I also have milder synaesthesia, and for me sounds tend to be accompanied by colours and 'textures' (I 'see' a lot of it as solidified light almost like glass) to the point where when I am composing, I tend to pick things that look good when I shut my eyes, because they invariably sound good too, and even wrote up an entire chart of chords by colours and what they invoke imaginatively to help me in my compositions.
I didn't want to write about my tastes in stuff like Goth, Darkwave and French Coldwave because I'm pretty sure I've covered various aspects of that on my blog already. Beyond Goth, my tastes in music are quite broad. I thought I would focus on an aspect of my musical life that has inspired me as a Goth while being quite removed from Goth itself.
When I was younger and somewhere between my Christian roots and my Pagan faith, I was rather active in various church choirs and I have been singing from a very young age. I sang in both church choirs and school choirs, but as many of the schools I went to (I moved a lot) were Christian, I still sang mostly sacred music. I have not attended Church for worship service in years, and do not intend to as I am thoroughly Pagan now, but I still attend the occasional concert of sacred music. Choir holds almost all positive memories for me. I got to a relatively high standard and ended up singing some challenging music in some really beautiful places.
While the religious content was not always in alignment with my personal faith (and as I grew older, I grew further away from Christianity) there was something about it that connected with me on a very profound and spiritual way. I think there is definitely something spiritually powerful about religious singing, as an act of worship and an act of faith in itself rather than as simply a celebration thereof. There is a lot in the Bible about music, from David's lyre, to the songs of Solomon, to the angels who sing eternal praises in Heaven, and while this is heading off on a tangent that probably deserves its own post, I certainly think that Christianity and other religions that use sacred song (I have some CDs of Buddhist singing, from a period when I was interested in becoming Buddhist), and they have something very precious and definitely inspiring. A few years ago I tried writing some Pagan songs in a similar choral style, but suffered from a lack of people to sing them (I experimented with multi-tracking myself, but it come out very strange!) and so that project was put into indefinite stasis.
It should be relatively apparent that historic architecture, especially that in the Gothic style, is something that I am really passionate about. With early Gothic literature, the term came about because of the use of settings, and how a lot of those settings were the sorts of buildings I love. To me, I cannot easily separate my experience of those buildings from the music performed in them, the music I performed in them as part of a choir.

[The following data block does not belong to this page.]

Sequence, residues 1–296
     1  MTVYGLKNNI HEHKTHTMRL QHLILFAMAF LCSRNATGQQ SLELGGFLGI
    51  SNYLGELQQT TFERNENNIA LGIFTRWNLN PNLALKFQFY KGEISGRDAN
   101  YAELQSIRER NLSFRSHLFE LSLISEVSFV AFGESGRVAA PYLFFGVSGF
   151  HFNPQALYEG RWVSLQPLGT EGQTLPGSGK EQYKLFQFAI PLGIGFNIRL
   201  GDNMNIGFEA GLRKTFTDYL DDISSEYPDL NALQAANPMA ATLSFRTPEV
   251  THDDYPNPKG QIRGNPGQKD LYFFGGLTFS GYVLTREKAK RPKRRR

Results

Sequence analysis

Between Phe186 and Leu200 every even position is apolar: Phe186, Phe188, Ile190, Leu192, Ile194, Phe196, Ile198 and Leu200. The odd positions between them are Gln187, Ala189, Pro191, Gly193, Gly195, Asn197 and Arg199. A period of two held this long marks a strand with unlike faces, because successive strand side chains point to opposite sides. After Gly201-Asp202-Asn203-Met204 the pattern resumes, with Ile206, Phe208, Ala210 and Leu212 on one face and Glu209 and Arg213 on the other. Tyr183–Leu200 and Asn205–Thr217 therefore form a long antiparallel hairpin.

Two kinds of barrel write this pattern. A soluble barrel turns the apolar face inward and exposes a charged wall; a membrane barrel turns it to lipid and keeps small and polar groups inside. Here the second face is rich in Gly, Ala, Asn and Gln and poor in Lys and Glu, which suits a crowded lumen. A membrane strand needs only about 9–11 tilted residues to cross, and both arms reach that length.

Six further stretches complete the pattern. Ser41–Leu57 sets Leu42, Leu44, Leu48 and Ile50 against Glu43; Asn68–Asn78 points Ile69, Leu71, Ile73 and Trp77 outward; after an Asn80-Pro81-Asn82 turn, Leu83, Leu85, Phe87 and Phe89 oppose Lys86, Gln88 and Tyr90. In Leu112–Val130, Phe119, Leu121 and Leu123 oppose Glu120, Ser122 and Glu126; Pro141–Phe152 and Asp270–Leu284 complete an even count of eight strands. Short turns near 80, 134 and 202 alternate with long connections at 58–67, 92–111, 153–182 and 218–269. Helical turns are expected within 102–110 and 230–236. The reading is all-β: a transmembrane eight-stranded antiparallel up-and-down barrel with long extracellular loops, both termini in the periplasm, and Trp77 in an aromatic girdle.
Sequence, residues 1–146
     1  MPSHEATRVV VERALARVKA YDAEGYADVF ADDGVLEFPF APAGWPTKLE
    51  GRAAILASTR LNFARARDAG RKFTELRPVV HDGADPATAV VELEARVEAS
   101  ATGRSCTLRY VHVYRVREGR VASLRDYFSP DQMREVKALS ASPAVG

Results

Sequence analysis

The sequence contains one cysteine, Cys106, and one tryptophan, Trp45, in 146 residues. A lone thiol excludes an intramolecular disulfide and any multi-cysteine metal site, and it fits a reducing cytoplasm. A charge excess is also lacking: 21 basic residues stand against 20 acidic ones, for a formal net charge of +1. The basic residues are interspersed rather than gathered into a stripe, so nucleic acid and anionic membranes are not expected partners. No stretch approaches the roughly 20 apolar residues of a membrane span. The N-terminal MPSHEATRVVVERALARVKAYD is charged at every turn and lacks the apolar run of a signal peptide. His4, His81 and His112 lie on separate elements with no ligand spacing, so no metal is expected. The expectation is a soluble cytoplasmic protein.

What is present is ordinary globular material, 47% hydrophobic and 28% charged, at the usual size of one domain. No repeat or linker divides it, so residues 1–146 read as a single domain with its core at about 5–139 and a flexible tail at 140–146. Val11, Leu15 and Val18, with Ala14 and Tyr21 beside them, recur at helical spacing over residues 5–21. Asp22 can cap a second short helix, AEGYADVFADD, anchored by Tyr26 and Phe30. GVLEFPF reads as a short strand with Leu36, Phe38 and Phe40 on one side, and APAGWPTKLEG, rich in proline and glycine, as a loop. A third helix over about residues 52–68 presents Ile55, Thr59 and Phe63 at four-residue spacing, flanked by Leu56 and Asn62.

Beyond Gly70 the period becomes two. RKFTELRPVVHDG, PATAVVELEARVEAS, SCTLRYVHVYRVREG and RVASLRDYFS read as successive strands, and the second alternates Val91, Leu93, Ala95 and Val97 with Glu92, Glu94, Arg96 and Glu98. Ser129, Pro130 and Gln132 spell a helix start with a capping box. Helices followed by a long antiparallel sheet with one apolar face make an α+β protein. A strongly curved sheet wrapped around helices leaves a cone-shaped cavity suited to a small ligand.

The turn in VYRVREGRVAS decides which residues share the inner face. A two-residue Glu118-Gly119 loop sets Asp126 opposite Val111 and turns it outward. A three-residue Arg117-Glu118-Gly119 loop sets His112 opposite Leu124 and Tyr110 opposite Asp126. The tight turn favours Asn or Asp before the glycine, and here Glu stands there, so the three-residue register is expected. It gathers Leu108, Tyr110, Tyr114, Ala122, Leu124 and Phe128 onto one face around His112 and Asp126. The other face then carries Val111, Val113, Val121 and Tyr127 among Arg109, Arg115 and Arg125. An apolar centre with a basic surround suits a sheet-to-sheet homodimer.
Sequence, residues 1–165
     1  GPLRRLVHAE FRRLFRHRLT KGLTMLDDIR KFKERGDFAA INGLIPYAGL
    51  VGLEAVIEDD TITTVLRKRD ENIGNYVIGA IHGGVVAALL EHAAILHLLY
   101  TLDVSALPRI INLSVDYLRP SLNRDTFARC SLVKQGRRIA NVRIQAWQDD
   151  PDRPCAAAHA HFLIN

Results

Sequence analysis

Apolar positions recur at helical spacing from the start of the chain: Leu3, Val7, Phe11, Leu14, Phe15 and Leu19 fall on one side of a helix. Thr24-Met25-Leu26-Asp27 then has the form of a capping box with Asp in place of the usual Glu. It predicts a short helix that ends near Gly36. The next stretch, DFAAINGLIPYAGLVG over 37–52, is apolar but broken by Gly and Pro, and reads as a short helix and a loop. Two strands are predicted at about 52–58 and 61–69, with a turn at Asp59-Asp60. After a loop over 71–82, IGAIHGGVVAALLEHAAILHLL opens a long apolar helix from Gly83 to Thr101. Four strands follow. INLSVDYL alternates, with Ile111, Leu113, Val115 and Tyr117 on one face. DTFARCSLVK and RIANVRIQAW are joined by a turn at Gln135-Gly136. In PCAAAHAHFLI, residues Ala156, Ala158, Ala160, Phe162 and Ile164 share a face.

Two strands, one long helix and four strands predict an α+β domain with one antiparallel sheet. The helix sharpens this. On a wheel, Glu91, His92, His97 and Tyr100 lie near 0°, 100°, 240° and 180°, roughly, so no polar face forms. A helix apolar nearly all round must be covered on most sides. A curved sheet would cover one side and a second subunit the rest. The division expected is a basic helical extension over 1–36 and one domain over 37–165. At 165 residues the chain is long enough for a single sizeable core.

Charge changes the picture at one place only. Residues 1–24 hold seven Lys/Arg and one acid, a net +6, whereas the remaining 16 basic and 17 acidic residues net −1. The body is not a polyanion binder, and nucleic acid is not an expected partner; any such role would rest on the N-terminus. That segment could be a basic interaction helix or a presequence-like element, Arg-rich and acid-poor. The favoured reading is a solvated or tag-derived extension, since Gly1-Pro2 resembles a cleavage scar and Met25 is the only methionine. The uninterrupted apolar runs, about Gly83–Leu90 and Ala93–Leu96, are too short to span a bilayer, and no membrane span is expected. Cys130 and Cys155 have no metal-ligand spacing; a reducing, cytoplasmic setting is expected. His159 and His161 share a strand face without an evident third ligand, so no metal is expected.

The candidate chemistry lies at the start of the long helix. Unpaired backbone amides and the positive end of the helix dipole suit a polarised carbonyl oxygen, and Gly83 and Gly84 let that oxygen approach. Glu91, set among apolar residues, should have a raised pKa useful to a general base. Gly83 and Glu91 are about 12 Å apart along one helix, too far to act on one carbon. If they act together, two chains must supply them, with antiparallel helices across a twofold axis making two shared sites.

Choral music of various Christian traditions has inspired both my own musical life as a choral singer (I even ran a choir at the school I work at until my chronic illness made in untenable) and also as an artist and poet and photographer as glorious music mixes with beautiful colour and light in a synaesthesic mix in my head, and always evokes a sense of wonder, sacredness and a belief that there is a Divine and glorious presence in the universe, even if to me the heavens are the literal heavens of space full of stars, nebulae and very real glorious light, and to me, a pantheist, the Divine is inherently manifest through reality. When I shut my eyes and sit on the bare earth and feel the boundaries between what is me and what is everything else dissolve and meditate, there's a similar sense of awesome, brilliant, glorious something that I touched when I was singing psalms, evensongs, hymns, masses and oratorios.
My Musical Pick
There is some overlap with my tastes in more Goth music; some of my favourite pieces by Dead Can Dance are the ones where multi-tracking has been used to create a choral effect, but the songs they sing have words of Lisa Gerrard's glossolalia rather the Latin texts various masses and offices. I think that same sense of light and glory that is forever intangible that I got when listening to choral concerts in Oxford collegiate chapels and grand Gothic cathedrals is what inspired Host of The Seraphim with its vocals that seem to soar ever upwards in plaintive chant over a very minimal (electric?) organ and distant strings. It reminds me of how psalms are traditionally sung with the chords changing according to the text, rather than the text made to fit the melody (think Alleghri's 'Miserere mei, Deus'). To me, Host of the Seraphim is like watching angels come and go, filing past out of view and into nothing but beautiful light.